But I want to be sure I understand. I don't want to have to do anything else myself. I want your ISO to reflect all of the complex recipe steps needed to slipstream anything into the resulting installer folders and thus into the ISO which is the packaging.

I just want to be able to download your final ISO in January and that's it. Ideally I could then use it for any of my three intents... (1) burn to physical DVD (may be an issue if it exceeds single-layer, but if I can still burn to double-layer DVD and it will be usable for install then that's ok, (2) create bootable USB, and (3) read ISO directly into VMWare.

I'm hoping your final posted ISO will have everything already slipstreamed for my potential eventual use, in one of these three situations.


Quote:
The wim comes out at over 4gb so to fit on fat32 usb stick can be split. It will be a bit too big for single layer dvd.
So can it be burned to double-layer DVD, and still be usable to install from?


Quote:
Win7 will need activating after installation by using product key in the exactly the same way as you do now.
So MS is planning on keeping their Win7 license server still running in support of post-January new installs? I didn't know that but it's good. And my supply of unused Win7 license keys should then work.


Quote:
The winpe is a separate project, though it can of course be included on the same usb stick and a bcd entry can be created to boot either windows setup ( the regular boot.wim that is used for installation), or the winpe bootable wim with all the extra programs in the Uprograms folder from the same usb stick. That is straightforward.
I don't understand what this topic refers to. WinPE for what use? What would I then do with the running WinPE environment?

I'm really not concerned about build-out steps. I'm only concerned about being able to INSTALL Win7 from scratch on a new Skylake-or-older physical machine (via DVD or USB) sometime in the future, and have the resulting Win7 be "genuine" and "activated" with my valid retail license key. And I also want to be able to create a 100% usable Win7 VM under VMWare operating on Win10. And all of these should have latest-and-greatest Windows Updates already pre-installed in the resulting Win7, from scratch, via the ISO contents and all its slipstreamed components.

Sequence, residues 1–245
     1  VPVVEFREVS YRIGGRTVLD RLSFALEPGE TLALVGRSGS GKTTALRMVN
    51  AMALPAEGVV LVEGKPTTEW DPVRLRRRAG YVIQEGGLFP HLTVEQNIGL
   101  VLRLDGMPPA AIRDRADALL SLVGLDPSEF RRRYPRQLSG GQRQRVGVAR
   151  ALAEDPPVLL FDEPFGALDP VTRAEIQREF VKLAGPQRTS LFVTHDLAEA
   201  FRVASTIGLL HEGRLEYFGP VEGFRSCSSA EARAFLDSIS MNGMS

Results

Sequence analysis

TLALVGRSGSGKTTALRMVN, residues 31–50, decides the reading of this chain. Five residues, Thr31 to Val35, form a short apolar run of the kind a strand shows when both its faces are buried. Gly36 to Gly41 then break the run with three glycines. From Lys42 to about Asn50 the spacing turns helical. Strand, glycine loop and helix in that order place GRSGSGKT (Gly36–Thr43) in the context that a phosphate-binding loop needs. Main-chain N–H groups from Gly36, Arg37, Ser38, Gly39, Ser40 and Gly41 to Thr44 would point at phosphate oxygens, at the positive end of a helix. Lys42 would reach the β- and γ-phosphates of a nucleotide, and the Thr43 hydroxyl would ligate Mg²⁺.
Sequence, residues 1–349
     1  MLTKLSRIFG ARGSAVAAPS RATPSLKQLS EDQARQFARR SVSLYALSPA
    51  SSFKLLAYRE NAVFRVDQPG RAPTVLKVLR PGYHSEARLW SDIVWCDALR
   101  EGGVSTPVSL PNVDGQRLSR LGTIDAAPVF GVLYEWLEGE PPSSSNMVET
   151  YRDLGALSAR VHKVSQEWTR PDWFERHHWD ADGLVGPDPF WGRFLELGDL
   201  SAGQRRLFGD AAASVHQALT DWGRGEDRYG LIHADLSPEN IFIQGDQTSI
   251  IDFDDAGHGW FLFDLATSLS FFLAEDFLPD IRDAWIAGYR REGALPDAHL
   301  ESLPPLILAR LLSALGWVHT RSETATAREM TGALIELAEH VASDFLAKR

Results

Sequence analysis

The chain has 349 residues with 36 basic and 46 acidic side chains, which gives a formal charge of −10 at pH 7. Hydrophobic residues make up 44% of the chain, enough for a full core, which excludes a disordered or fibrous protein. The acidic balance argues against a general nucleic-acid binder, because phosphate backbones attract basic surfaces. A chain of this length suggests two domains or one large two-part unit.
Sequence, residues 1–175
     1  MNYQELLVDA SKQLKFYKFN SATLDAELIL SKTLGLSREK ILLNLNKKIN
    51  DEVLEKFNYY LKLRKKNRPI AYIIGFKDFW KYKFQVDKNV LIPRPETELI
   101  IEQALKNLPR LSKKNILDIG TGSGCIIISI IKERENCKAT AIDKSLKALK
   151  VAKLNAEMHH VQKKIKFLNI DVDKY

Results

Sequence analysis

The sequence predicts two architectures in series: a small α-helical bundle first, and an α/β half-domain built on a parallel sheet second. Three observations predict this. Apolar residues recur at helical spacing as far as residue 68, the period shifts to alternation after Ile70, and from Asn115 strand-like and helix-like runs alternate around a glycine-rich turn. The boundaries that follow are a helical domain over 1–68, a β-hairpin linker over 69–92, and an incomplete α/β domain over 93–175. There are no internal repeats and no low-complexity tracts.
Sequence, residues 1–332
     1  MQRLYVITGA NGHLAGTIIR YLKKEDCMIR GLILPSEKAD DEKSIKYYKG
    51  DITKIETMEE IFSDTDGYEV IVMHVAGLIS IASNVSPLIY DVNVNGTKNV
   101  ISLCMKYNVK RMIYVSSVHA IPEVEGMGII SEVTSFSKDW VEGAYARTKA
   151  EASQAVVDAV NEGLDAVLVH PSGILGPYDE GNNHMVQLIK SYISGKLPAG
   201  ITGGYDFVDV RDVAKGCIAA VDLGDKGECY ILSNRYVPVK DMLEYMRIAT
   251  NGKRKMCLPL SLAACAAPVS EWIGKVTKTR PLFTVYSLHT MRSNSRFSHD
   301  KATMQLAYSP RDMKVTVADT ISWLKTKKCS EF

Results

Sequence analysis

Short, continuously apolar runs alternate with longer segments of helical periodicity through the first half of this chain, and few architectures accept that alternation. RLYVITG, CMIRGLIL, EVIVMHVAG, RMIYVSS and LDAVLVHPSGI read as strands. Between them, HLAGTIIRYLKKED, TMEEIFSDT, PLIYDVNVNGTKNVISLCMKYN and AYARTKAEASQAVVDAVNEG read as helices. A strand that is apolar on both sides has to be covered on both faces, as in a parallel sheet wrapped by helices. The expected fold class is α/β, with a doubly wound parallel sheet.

Sounds selfish I know, but I don't want to do anythingl I want to simply capitalize on what you've built, which I'm sure will be 100% complete and usable for my objectives (which really are everybody's).
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1 Week Ago   #17
SIW2

Microsoft Community Contributor Award Recipient

Vista x64 / 7 X64
 
 

The updater I linked to is intended so you can use it to create the updated installation media on your own hard drive - then copy to usb.


Wkeller has a project with the same aim Integrate7 script automatically download and slipstream all updates!


For obvious reasons, I am not disposed to create updated installation media for 4 x64 editions, 5x86 editions multiplied by about 30 languages and then upload hundreds of gbs of iso files.
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1 Week Ago   #18
wither 2

Windows 7 Pro SP1 64 bit
 
 

Aw come on. You can do it!
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1 Week Ago   #19
dsperber

Windows 7 Pro x64 (1), Win7 Pro X64 (2)
 
 

Quote   Quote: Originally Posted by SIW2 View Post
For obvious reasons, I am not disposed to create updated installation media for 4 x64 editions, 5x86 editions multiplied by about 30 languages and then upload hundreds of gbs of iso files.
That's understandable. Of course my own needs only require Win7 Pro x64.

But, then what is contained in your own "latest ISO": Most recent win7 iso is 17514x64v15.iso

Is that not one already fully complete and updated particular x64 or x86 edition?
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 How to generate an ISO ?